Blackwood Woman Fights in Son's Name for '911 Good Samaritan Law'
Patty DiRenzo's son died of a drug overdose in 2010, but advocates feel he could still be alive today with the "Good Samaritan Law."
Sept. 23, 2010.
That's the day Blackwood resident Salvatore Marchese was found dead in his mother's car in a parking lot in the shadows of a Camden high-rise located nearby the Ben Franklin Bridge.
Sal had died from an accidental drug overdose. He was just 26 years old.
Rather than running from the anguish caused by her son's untimely death, Patty DiRenzo has joined with the Drug Policy Alliance in dedicating her life to advocating a law she hopes will prevent other New Jersey families from having to endure the "terrible pain" hers has over the past 15 months.
The so-called 911 Good Samaritan Law would provide limited protection to anyone who calls 911 seeking medical help in the event of a drug overdose.
Earlier this month, bills supporting the law were introduced in both houses of the state Legislature for the first time.
'If one family will not have to go through what we're going through ...'
Police do not believe Sal was alone when he overdosed the night of Sept. 22 or early on Sept. 23, DiRenzo said, based on evidence found in and near her car. Nor does it appear his body went unnoticed after he took that fatal dose of heroin.
Investigators told DiRenzo her son was robbed after he overdosed. Other factors, including the windows to DiRenzo's car being down despite it being a rainy night, indicate Sal's life could have been saved.
"I remember that night like it was yesterday. Torrential downpouring that night," DiRenzo said. "All four windows were down. It was raining so hard. But he wasn't wet and the car wasn't wet inside—it just leads me to believe that somebody did all that to make sure somebody saw him inside the car."
DiRenzo is convinced her son would still be alive if the person who was with him when he overdosed, or even someone who perhaps came across him in the hours immediately after he fell unconscious in her car, had called 911 for help.
"If this law was in effect, whoever was with Sal would have done that," she said.
Naloxone is a drug used to counteract life-threatening depression of the central nervous system and respiratory system following an overdose. It can be successfully administered one to three hours after a heroin overdose, DiRenzo said.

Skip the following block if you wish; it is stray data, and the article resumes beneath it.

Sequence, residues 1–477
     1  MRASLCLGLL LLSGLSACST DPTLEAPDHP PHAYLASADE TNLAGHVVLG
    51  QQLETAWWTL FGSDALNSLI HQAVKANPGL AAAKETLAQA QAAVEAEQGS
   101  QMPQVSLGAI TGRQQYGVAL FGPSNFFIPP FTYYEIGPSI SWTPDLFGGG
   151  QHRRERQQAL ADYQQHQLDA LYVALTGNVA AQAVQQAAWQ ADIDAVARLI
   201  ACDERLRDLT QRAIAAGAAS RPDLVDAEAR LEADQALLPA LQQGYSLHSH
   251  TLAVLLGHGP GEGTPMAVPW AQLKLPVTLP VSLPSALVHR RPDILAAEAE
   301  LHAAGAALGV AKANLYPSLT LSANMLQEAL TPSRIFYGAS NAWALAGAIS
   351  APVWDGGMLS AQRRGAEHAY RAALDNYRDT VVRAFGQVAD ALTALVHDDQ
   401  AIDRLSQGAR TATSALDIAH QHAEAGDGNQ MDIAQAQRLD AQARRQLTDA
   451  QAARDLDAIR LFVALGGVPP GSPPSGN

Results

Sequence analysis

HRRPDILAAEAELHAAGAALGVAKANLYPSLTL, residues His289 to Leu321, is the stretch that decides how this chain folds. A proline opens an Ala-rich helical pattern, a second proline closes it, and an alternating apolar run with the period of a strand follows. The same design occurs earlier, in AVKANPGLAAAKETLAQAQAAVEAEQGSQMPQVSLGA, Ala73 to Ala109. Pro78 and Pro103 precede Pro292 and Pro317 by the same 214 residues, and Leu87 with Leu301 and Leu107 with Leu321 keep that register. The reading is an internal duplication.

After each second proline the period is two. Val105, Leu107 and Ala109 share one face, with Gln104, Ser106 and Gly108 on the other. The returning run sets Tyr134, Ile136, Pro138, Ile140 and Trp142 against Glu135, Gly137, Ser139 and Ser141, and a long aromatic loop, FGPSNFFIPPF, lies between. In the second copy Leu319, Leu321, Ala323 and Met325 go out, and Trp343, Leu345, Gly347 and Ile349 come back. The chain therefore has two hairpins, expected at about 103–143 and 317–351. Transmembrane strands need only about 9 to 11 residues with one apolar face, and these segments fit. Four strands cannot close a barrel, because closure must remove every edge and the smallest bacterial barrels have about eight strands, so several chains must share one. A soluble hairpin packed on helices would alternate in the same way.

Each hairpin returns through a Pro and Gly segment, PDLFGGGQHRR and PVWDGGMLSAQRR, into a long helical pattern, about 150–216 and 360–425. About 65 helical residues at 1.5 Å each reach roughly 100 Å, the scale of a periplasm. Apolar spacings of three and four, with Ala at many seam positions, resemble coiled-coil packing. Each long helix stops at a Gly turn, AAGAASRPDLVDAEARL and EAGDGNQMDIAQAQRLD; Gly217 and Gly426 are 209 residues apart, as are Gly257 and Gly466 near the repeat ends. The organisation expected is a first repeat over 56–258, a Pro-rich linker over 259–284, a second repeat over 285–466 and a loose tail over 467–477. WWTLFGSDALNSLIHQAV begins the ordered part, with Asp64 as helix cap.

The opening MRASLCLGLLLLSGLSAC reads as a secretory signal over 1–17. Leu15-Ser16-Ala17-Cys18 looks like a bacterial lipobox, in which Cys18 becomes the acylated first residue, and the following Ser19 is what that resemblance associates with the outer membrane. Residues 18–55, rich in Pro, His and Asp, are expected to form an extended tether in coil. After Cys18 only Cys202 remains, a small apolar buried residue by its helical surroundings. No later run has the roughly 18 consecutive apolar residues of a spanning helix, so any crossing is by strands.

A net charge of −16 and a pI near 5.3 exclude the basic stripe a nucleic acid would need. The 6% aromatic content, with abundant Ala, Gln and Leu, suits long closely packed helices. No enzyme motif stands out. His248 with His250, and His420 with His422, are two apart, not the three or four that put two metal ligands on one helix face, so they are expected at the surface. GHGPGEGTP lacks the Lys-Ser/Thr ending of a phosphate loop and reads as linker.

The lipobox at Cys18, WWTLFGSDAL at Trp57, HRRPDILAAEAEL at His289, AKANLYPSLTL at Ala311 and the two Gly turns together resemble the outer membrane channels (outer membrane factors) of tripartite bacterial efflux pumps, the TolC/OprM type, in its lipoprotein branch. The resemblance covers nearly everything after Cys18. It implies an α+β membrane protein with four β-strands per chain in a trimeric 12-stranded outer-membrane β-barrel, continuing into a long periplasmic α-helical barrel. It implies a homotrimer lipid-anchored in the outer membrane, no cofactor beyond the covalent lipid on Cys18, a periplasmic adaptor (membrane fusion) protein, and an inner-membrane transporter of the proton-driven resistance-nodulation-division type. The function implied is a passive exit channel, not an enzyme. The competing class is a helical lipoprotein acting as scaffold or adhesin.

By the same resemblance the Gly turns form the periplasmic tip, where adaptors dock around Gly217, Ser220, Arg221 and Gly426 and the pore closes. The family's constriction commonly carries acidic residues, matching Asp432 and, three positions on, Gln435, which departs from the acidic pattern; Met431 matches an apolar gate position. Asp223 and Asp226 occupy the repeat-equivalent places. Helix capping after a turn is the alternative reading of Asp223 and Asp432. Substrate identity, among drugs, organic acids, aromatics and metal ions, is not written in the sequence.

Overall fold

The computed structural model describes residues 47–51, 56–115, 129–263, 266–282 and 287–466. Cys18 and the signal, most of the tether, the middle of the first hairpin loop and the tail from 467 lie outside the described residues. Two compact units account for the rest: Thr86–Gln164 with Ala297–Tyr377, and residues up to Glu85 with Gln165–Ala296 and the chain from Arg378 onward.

The 911 Good Samaritan bill (S-3130), sponsored by Sens. Joseph F. Vitale (D-19, Woodbridge) and Loretta Weinberg (D-37, Teaneck), was introduced in the Senate on Dec. 1 and referred to the Senate Judiciary Committee.
Its Assembly companion (A-4420), sponsored by Assemblymen Angel Fuentes (D-5, Camden) and Upendra J. Chivukula (D-17, Somerset) and Assemblywoman Connie Wagner (D-37, Paramus), was introduced on Dec. 8 and referred to the Assembly Judiciary Committee.
"It's a small step maybe, but guess what? If one life can be saved because of it, that's one life and it's been worth it," DiRenzo said. "If one family will not have to go through what we're going through, it's worth it."
'Just call. Save a life. Nothing is going to happen to you.'
The main idea of the 911 Good Samaritan Law is to remove the fear of arrest that prevents many people from calling 911 to report an overdose.
DiRenzo urges anyone who will listen to her to contact their state legislators—many of whom have heard from the Blackwood woman personally—to ask them to help see this law put into effect.
Some may ask why they should ask their legislators to support passage of the 911 Good Samaritan Law.
"Addiction does not discriminate, so it could be anybody. Anybody could lose a child at any time," she said. "You know what? It's a disease. People need to educate themselves and stop being so ignorant to it, and realize that it truly is a disease. Do you think that my son, when he was growing up, said to himself, 'When I grow up I want to be a junkie and I want to die'?" That's not what Sal wanted to do."
Since 2004, roughly 6,000 people have died from drug overdoses in New Jersey, with more than 700 of those deaths coming in 2009 alone.
With staggering numbers like that, DiRenzo recognizes her advocacy would not end if the bill becomes law.
If the law does win the Legislature's approval and the governor signs off on it, the Blackwood resident vows to see that it is put to good use.
"I'll go to the methadone clinics. I'll go anywhere to post things and tell people that if you're with somebody, please, if they overdose—don't be afraid, you're not going to get in trouble—just call," DiRenzo said. "Save a life. Nothing is going to happen to you."
She could be doing it for one of your loved ones.
She'll definitely be doing it in memory of hers.
"He was such a good person. ... I have to do something for him. I can't go on and let him die in vain," she said.
Gloucester Township's state legislators are Sen. Fred H. Madden Jr. and Assemblymen Paul Moriarty and Domenick DiCicco. Madden, Moriarty and Assemblywoman-elect Gabriela Mosquera can be reached at their Blackwood office at 856-401-3073. DiCicco, who lost his bid for a second Assembly term in the new 3rd Legislative District in November, can be reached at 856-228-0923.